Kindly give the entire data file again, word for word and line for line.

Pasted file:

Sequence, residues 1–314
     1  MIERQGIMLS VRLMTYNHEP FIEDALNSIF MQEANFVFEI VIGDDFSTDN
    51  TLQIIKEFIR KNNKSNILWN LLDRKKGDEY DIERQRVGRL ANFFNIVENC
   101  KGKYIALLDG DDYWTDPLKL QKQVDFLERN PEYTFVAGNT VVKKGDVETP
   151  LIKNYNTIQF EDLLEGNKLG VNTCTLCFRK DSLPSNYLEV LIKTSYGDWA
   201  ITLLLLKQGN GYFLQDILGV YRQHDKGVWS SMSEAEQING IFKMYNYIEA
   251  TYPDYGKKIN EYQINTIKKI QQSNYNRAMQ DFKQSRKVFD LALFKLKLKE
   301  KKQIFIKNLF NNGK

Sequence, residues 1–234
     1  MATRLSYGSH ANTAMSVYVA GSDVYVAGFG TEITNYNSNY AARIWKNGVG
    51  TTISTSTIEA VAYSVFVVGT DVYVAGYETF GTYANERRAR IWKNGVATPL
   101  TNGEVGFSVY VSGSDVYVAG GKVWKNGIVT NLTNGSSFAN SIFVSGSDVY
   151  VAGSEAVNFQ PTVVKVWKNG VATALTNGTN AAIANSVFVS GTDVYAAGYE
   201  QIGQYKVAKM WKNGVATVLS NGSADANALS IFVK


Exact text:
Sequence, residues 1–314
     1  MIERQGIMLS VRLMTYNHEP FIEDALNSIF MQEANFVFEI VIGDDFSTDN
    51  TLQIIKEFIR KNNKSNILWN LLDRKKGDEY DIERQRVGRL ANFFNIVENC
   101  KGKYIALLDG DDYWTDPLKL QKQVDFLERN PEYTFVAGNT VVKKGDVETP
   151  LIKNYNTIQF EDLLEGNKLG VNTCTLCFRK DSLPSNYLEV LIKTSYGDWA
   201  ITLLLLKQGN GYFLQDILGV YRQHDKGVWS SMSEAEQING IFKMYNYIEA
   251  TYPDYGKKIN EYQINTIKKI QQSNYNRAMQ DFKQSRKVFD LALFKLKLKE
   301  KKQIFIKNLF NNGK

Sequence, residues 1–234
     1  MATRLSYGSH ANTAMSVYVA GSDVYVAGFG TEITNYNSNY AARIWKNGVG
    51  TTISTSTIEA VAYSVFVVGT DVYVAGYETF GTYANERRAR IWKNGVATPL
   101  TNGEVGFSVY VSGSDVYVAG GKVWKNGIVT NLTNGSSFAN SIFVSGSDVY
   151  VAGSEAVNFQ PTVVKVWKNG VATALTNGTN AAIANSVFVS GTDVYAAGYE
   201  QIGQYKVAKM WKNGVATVLS NGSADANALS IFVK